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From Blackhawk down to standing up

Foreign Policy
Friday, June 07, 2013

The United Nations mission in Somalia celebrated a milestone this week, by moving — to Somalia. For the last 18 years, the U.N. Political Office in Somalia (UNPOS) has had to operate from Nairobi, Kenya, since the Somali government, when it existed at all, controlled only a few spots in Mogadishu, the capital city, and virtually nothing beyond that.

But in the summer of 2011, an African Union force finally pushed the Islamic militants known as al-Shabab out of the capital, and since then both people and money have poured in.

On May 2, the U.N. Security Council voted to replace UNPOS with the U.N. Assistance Mission in Somalia, and actually put it in Somalia. If you’ve held the top spot in Foreign Policy’s Failed States Index five years running, that’s a real achievement.

Somalia is still, of course, the failed state nonpareil, with no functioning government or military and an insurgency still capable of mounting audacious attacks in the heart of the capital. In mid April, al-Shabab suicide bombers killed 35 people at the Supreme Court complex, the highest death toll since they fled Mogadishu en masse. Nevertheless, conditions are now present for Somalia — with an immense amount of outside help — to begin healing itself. And this raises two important questions: What went right, and can those factors be applied to states in similarly dire straits?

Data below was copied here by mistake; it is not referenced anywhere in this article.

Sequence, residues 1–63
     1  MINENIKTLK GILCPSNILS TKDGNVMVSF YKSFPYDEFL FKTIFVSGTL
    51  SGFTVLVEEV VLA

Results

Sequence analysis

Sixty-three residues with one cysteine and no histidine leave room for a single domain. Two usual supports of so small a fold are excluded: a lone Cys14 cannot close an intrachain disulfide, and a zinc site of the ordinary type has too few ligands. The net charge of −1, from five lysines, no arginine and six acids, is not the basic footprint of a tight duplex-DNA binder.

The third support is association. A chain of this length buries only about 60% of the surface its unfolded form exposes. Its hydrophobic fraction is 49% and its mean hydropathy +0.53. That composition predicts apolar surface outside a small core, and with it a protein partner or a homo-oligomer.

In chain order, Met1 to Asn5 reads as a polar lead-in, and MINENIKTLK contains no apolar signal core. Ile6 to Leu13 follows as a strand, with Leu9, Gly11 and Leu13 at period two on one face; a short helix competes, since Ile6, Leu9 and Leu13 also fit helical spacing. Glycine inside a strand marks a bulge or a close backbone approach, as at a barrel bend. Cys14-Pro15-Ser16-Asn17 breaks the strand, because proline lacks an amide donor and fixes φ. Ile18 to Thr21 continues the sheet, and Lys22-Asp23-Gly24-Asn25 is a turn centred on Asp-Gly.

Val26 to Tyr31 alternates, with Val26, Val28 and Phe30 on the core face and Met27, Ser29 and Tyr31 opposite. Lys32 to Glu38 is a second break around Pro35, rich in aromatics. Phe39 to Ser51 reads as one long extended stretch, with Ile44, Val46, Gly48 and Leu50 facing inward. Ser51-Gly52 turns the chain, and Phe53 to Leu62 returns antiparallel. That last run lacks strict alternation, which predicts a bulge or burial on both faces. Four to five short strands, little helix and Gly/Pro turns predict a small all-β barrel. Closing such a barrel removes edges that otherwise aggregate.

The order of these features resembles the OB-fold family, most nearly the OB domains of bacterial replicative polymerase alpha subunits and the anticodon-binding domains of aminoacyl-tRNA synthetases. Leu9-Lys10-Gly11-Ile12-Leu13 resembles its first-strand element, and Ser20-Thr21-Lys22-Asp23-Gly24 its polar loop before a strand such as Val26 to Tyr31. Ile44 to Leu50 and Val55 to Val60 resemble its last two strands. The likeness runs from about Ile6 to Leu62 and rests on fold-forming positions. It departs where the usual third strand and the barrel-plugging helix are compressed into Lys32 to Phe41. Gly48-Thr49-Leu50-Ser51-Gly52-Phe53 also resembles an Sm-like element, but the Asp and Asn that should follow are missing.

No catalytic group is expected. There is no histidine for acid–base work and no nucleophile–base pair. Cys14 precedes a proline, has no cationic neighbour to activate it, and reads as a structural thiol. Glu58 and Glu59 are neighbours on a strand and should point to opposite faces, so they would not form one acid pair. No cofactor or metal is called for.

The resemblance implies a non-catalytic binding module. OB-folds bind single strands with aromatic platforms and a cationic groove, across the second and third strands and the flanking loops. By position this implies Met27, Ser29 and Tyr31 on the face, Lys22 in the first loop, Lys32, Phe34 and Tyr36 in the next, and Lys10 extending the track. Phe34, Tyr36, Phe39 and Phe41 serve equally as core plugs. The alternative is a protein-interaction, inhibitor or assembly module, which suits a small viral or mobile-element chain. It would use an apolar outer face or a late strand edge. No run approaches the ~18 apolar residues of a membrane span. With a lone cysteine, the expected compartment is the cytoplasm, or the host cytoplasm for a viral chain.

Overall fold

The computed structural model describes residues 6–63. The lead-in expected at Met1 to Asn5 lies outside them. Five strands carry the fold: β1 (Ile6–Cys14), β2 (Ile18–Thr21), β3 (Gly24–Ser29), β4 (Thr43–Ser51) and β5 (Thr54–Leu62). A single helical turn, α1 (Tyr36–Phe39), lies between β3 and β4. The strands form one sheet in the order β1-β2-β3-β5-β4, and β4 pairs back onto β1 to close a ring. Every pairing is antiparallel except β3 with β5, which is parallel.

A few weeks ago, Augustine Mahiga, the very capable Tanzanian diplomat who has just stepped down after three years as the head of UNPOS, returned to New York, and I asked him just those questions. Mahiga, who is a good deal more plain-spoken than your average U.N. official, said that the key prerequisite was exhaustion: After 22 years of war, he said, “People were looking for an opportunity to transcend the vicious cycle.” Of course, this is a little like noting that even the worst fire eventually consumes everything in its path and dies out. The implicit inference is that outsiders can’t do much until years of bloody stalemate have proved to combatants in a civil war that there is nothing to be gained by more fighting — as Edward Luttwak argued in his notorious essay for Foreign Affairs, Give War a Chance.

Syria, for example, may be at the very early stages of this process.

When Mahiga arrived in 2010, Somalia’s factions had been engaged in a U.N.-sponsored “transitional process” since 2004. When I went to Addis Ababa with Kofi Annan, the former U.N. secretary general, in 2005, I watched a session of Somali clan leaders trying to find common ground to form a government; it ultimately dissolved in chaos, as did subsequent efforts. But fatigue slowly induced a willingness to share power, and Mahiga and regional leaders initiated a process of negotiation which included factions who had not been given a seat at the table in the past, including leaders of provinces seeking autonomy and moderate Islamic fighters who had taken on al-Shabab. The Transitional Federal Institutions, as the process was called, ultimately agreed to choose a parliament, which in turn elected a president, Hassan Sheikh Mohamoud, in September 2012. This, in itself, represented a modest triumph over fratricidal clan politics — though a report from the International Crisis Group called it a “botched process” shaped by “short-term political expediency.”

Read more here: http://www.miamiherald.com/2013/06/06/3436143/from-blackhawk-down-to-standing.html#storylink=cpy


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